In conversation today with a local businessman who is preparing to celebrate his 47th wedding anniversary, our attention turned to his advice in maintaining long-term relationships. As he smiled, even managed to blush a little, he said it was by making the right choice at the beginning. In his firmly Hoosier self-deprecating way, he went on to credit much of the success of their longevity to his bride. “What a good guy,” I thought. But as my sympathetic interrogatory continued, his detailed answers pointed to something else. Certainly, he had entered a relationship with someone who is committed to relationships. Such a move is always a good thing. But more, he carried into the relationship a strong understanding of the importance of perspective in human interaction.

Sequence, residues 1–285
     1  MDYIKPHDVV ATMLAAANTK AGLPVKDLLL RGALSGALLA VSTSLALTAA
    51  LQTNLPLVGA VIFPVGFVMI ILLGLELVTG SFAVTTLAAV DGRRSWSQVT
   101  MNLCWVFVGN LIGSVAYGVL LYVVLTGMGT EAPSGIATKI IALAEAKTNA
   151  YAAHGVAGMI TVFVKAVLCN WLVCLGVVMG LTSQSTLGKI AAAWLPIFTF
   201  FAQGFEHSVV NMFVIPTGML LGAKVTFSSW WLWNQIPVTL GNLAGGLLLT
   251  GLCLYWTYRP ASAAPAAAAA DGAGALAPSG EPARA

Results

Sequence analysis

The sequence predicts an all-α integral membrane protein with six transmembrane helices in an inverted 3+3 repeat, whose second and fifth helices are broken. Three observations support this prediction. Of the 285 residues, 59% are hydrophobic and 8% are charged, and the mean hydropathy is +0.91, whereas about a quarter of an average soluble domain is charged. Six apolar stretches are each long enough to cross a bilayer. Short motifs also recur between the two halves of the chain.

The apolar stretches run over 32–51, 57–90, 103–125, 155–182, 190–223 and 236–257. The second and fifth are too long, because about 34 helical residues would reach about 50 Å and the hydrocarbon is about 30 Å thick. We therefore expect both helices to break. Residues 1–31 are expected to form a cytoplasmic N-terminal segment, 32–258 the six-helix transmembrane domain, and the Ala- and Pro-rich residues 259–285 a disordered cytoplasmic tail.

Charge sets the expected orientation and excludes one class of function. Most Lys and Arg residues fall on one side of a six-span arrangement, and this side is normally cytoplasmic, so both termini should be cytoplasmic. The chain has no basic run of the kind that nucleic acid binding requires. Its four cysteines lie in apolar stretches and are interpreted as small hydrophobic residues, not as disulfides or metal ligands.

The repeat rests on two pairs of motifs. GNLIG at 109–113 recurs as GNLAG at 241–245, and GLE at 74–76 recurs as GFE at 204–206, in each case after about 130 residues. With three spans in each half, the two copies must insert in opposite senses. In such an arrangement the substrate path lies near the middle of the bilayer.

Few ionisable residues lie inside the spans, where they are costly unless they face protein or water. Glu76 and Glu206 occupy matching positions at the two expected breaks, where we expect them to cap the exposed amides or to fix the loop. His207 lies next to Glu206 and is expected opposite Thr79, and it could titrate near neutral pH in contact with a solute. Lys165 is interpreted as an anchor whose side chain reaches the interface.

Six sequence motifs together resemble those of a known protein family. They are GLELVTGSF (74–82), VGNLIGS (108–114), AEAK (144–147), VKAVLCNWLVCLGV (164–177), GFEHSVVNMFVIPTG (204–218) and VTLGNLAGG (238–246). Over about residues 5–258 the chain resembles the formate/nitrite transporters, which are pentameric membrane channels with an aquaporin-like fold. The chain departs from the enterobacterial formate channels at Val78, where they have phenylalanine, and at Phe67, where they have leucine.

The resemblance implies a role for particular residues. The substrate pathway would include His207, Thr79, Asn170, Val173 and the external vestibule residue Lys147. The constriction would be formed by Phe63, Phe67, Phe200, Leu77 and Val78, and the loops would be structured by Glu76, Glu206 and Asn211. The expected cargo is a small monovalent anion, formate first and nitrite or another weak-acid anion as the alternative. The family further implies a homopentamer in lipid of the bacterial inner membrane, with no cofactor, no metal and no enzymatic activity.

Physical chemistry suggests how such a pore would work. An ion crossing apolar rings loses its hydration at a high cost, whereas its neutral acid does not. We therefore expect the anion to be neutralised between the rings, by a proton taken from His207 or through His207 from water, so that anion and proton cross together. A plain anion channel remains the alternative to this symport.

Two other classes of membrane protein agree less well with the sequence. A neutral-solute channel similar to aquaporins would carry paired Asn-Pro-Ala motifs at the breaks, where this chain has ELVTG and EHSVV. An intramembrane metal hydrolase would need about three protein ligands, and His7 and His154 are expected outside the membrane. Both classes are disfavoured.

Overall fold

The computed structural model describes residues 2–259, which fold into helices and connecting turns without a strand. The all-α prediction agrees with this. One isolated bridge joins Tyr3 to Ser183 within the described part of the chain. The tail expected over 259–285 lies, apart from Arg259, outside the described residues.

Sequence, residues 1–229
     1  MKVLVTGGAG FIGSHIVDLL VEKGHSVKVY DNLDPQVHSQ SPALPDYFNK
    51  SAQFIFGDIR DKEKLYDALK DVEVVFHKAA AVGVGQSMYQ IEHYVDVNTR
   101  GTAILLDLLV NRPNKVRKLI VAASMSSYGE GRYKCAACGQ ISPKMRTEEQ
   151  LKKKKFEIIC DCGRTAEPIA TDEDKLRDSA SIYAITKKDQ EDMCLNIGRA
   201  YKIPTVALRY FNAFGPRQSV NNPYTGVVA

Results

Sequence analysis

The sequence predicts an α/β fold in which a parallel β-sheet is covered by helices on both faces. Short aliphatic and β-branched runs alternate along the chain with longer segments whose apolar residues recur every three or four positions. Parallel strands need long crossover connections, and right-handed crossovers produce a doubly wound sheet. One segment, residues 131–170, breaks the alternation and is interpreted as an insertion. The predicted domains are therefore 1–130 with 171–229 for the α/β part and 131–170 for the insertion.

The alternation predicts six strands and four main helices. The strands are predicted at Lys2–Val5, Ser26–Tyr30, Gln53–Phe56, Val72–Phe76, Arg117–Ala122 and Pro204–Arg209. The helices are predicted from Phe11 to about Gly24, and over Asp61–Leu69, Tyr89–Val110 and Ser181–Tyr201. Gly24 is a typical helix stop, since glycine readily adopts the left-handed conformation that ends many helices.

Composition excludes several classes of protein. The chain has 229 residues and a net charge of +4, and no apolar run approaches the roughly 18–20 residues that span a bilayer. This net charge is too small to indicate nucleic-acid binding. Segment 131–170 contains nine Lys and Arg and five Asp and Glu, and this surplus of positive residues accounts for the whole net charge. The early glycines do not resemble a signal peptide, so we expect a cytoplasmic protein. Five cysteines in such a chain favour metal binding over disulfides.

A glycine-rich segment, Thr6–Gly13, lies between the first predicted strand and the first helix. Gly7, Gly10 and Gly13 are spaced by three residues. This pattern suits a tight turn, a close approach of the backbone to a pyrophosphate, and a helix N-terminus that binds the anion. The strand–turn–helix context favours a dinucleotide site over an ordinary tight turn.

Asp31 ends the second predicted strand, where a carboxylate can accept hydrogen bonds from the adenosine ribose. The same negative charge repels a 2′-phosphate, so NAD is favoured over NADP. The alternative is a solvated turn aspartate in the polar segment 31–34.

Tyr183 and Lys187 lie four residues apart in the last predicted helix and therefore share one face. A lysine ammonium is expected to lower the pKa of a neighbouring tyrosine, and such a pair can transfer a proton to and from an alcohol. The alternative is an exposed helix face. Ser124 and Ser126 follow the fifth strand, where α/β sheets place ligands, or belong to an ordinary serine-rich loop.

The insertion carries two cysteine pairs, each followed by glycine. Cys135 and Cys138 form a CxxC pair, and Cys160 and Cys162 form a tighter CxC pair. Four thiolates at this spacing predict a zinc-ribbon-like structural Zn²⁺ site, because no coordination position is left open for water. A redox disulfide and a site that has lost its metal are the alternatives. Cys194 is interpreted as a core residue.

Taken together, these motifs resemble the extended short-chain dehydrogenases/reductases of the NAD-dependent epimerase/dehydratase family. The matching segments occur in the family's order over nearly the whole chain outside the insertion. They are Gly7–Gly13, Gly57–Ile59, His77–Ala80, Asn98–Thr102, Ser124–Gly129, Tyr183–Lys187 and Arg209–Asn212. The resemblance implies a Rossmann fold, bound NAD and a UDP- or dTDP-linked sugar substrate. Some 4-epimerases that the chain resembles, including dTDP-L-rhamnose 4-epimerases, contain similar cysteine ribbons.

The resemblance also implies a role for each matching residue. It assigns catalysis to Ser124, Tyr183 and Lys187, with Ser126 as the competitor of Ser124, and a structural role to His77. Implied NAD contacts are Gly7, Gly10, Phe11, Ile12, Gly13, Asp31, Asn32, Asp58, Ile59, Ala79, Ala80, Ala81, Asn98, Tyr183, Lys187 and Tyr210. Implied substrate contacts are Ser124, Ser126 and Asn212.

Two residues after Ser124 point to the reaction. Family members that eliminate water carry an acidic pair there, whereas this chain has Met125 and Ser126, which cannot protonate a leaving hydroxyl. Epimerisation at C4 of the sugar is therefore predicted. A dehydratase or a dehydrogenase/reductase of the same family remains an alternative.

Even as we peer down from our vantage point, it is easy to forget that there are countless other outlooks from which to gaze. Imagine the scores of interpersonal interactions that take place every day – at the office, at the coffee counter, with our families, even with the household pet. During the course of the many petty irritations and follies that seem to fill our daily routines, it is striking to consider that there are innumerable other lives filled each with its own peccadilloes and interests. How do people perceive us? Do they even notice that we exist? Is our imagined slight an entirely unintended consequence? Or, are the nefarious perpetrating their own agendas against us?
Can we find comfort in the knowledge that no one can fully understand our point-of-view or invite us into theirs? Or, is this solitary personal isolation frightening? Maybe it’s a matter of perspective. Regardless, learning to get out of our own heads and imagine the view from across the table can only make us better for it.